Skip to content or view screen version

Western Saharan hunger-strike students “risk everything” to get to Oxford

Free Western Sahara Network | 06.08.2009 14:58 | Repression | Social Struggles

Concerns grow for the safety of 6 Western Saharan students removed from flight to London by Moroccan authorities

Campaigners today expressed concern about the fate of six Saharawi students who were due to fly to London yesterday but were prevented from boarding their plane by Moroccan police. The students from the disputed territory of Western Sahara were enroute to England as part of an EU / British Council sponsored initiative to increase understanding between Moroccans and Western Saharans but were marched off the plane and across the runway at Agadir airport. The students have been given no reason for being detained and have gone on hunger-strike in the airport terminal in protest despite growing fears for their safety.

The students aged between 17 and 24 are from occupied Western Sahara and were travelling together with students from Morocco where they were all due to attend a two week residential course in Oxford exploring ways of resolving a conflict that has gone on for over 34 years. The Moroccan students pulled out from travelling to England yesterday, all of them citing family problems for their sudden withdrawal.

The course run by the British-based organisation, Talk Together, aims to take young people from either side of an ongoing conflict and challenge them to generate new ways forward. Organiser Andrew Brown said today:
“It would be a huge disappointment if participants were to be blocked from attending a project that aims to confront prejudice, foster understanding, and find new solutions”.

As well as being a disappointment for all those involved in the two years of organising the project the situation also represents a genuine danger for the students. Last year reports by Human Rights Watch and Amnesty International expressed concerns about human rights violations by the Moroccan state against Saharawis who take part in non-violent protests. These have regularly been violently broken up by Moroccan forces and numerous people have been arrested, tortured or ‘disappeared’.

One of the hunger-strikers, Amaidane Maimouna,17, understands the risk they are taking but says that they are determined to continue with their protest for as long as it takes.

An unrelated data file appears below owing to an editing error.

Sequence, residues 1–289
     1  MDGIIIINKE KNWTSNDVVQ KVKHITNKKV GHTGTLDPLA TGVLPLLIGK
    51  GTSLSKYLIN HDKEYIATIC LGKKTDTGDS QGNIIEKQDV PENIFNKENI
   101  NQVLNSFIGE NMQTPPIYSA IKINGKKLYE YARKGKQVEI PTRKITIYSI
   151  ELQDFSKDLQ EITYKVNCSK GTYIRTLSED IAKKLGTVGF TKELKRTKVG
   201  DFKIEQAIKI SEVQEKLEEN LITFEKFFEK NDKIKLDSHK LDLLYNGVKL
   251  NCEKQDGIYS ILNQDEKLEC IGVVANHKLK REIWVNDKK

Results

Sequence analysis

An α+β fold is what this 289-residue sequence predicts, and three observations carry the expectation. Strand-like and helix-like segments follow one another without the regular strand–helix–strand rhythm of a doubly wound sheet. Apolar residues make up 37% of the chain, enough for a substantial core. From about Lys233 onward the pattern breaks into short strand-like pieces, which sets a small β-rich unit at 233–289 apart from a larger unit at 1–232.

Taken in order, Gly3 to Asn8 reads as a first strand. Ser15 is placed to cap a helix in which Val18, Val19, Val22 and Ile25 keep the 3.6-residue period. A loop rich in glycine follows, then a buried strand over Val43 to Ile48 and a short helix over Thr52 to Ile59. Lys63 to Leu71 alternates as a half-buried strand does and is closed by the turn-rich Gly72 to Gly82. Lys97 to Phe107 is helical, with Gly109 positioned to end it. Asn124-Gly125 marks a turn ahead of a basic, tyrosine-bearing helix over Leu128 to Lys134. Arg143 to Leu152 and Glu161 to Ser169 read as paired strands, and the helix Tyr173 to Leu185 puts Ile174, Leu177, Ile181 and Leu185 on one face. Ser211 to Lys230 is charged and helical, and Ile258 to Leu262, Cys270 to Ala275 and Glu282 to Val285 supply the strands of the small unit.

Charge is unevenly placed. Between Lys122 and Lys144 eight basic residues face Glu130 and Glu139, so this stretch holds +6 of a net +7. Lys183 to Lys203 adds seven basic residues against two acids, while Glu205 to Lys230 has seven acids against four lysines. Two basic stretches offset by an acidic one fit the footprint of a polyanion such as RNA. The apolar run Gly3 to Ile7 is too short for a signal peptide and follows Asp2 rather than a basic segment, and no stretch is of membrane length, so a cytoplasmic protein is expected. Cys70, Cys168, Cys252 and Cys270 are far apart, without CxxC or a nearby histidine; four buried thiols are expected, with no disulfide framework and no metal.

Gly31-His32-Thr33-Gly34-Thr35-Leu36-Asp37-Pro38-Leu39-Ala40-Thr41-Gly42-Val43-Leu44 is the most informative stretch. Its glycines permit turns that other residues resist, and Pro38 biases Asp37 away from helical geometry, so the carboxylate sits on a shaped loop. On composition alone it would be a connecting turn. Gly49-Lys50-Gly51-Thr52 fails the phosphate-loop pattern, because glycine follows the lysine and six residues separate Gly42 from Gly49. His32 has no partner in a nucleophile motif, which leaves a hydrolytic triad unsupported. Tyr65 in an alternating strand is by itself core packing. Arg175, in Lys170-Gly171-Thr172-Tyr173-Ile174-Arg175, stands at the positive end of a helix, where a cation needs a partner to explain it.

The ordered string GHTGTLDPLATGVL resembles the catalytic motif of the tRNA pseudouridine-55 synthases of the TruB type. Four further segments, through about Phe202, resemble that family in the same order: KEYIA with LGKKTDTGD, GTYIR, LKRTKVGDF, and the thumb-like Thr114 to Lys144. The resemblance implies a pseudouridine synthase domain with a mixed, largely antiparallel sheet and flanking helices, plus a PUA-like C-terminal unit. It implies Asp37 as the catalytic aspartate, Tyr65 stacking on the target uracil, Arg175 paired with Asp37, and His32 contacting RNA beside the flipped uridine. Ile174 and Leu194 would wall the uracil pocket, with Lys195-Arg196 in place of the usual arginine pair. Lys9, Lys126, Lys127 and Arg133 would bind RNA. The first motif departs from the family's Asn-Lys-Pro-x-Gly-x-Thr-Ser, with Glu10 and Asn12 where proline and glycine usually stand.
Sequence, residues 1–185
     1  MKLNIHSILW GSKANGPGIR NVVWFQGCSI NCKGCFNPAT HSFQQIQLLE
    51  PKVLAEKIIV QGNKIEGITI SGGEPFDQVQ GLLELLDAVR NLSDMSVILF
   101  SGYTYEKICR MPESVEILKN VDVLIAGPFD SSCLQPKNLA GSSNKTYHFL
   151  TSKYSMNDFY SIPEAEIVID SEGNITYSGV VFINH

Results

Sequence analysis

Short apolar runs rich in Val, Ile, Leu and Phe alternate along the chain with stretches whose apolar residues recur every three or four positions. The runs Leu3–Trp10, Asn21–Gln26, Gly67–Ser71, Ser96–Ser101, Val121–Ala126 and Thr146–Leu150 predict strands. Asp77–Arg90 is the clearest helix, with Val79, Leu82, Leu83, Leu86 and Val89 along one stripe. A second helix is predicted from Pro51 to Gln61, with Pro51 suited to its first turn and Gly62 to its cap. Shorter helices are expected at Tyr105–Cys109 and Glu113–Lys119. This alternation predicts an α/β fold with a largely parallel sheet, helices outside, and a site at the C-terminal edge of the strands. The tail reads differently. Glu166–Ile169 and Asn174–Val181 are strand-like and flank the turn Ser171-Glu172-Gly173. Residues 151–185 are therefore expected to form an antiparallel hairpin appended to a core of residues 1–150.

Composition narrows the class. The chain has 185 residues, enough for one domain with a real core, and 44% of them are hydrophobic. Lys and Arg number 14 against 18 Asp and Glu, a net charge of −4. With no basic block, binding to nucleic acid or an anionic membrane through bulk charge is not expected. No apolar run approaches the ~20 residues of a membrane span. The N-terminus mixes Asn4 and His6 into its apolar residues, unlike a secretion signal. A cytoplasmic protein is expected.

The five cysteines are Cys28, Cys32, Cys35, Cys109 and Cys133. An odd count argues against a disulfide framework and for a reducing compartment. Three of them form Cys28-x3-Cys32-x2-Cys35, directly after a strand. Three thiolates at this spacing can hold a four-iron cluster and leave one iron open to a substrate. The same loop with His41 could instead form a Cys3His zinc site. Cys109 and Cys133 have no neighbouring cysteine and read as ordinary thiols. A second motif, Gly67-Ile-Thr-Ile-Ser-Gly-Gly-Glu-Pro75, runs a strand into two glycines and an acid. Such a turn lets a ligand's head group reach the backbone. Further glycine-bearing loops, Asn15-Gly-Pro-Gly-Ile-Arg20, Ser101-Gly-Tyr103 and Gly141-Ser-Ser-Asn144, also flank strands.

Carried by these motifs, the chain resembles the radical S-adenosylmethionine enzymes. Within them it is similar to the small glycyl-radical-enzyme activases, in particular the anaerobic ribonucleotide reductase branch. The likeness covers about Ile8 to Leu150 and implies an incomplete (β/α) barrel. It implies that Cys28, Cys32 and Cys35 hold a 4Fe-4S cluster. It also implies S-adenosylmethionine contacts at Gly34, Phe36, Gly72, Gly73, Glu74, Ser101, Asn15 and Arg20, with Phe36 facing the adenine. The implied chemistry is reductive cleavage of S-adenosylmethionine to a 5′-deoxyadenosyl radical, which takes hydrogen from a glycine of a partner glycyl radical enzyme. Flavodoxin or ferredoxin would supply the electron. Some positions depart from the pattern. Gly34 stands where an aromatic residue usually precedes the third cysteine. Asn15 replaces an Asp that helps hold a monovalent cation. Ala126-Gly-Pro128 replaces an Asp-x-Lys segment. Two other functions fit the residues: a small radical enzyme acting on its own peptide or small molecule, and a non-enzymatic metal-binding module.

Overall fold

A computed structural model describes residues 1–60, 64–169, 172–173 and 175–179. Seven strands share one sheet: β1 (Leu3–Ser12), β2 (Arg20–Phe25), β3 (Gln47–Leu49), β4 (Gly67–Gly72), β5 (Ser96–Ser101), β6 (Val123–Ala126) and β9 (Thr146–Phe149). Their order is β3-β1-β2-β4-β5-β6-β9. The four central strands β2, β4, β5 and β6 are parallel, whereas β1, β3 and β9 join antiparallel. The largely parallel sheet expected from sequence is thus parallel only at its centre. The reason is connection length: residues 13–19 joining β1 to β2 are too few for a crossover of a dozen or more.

“Either we will go to the UK or we will go to hospital” she says, “There is no third way”.

Jeremy Corbyn MP, Chair of the All Party Parliamentary Group on Western Sahara said:
“With representatives of Morocco and the Polisario Front meeting next week in Vienna to discuss the resumption of negotiations it would be a cruel irony if these young people from both sides of this terrible conflict were to miss out on an opportunity to share ideas and develop greater understanding.”

Contact press office on 07799650791 or 01622 747885 or 00213 776 889167
To contact the students directly in the airport call: 00 21267.22.539.53


Visit or or

Further information:

The six Saharawi youngsters are:
• El Haouasi Nguia (19, female), Amaidane Maimouna (17, female), Hayat Rguibi (19 female ), Elassri Mohamed Fadel (24; male) Razouk Choummad (20; male) Mohamed Daanoun (20; male).

• The students were due to attend the workshop from 5th – 18th August in St Edward’s School, Oxford. The course will still go ahead with students from the UK, Norway, the Philippines and the refugee camps in Tindouf.

• The project is Funded by the EU Youth In Action programme and the British Council

• A 2008 report by Human Rights Watch found that Morocco has violated the rights to expression, association, and assembly in Western Sahara.

• A 2008 Amnesty International report found that “politically motivated administrative impediments have been used to prevent human rights groups obtaining legal registration and curtailing their scope of activities.”

• The dispute in Western Sahara is one of the longest running and most forgotten conflicts in the world. The country has been subject to an occupation by neighbouring Morocco despite rulings by the International Court of Justice and over 100 UN Resolutions. For the past 34 years 165,000 Saharawi refugees have been forced to live in refugee camps in the Algerian desert.

For additional information about the workshop contact Melissa Mehta on 07772 488373 or .

Free Western Sahara Network
- e-mail: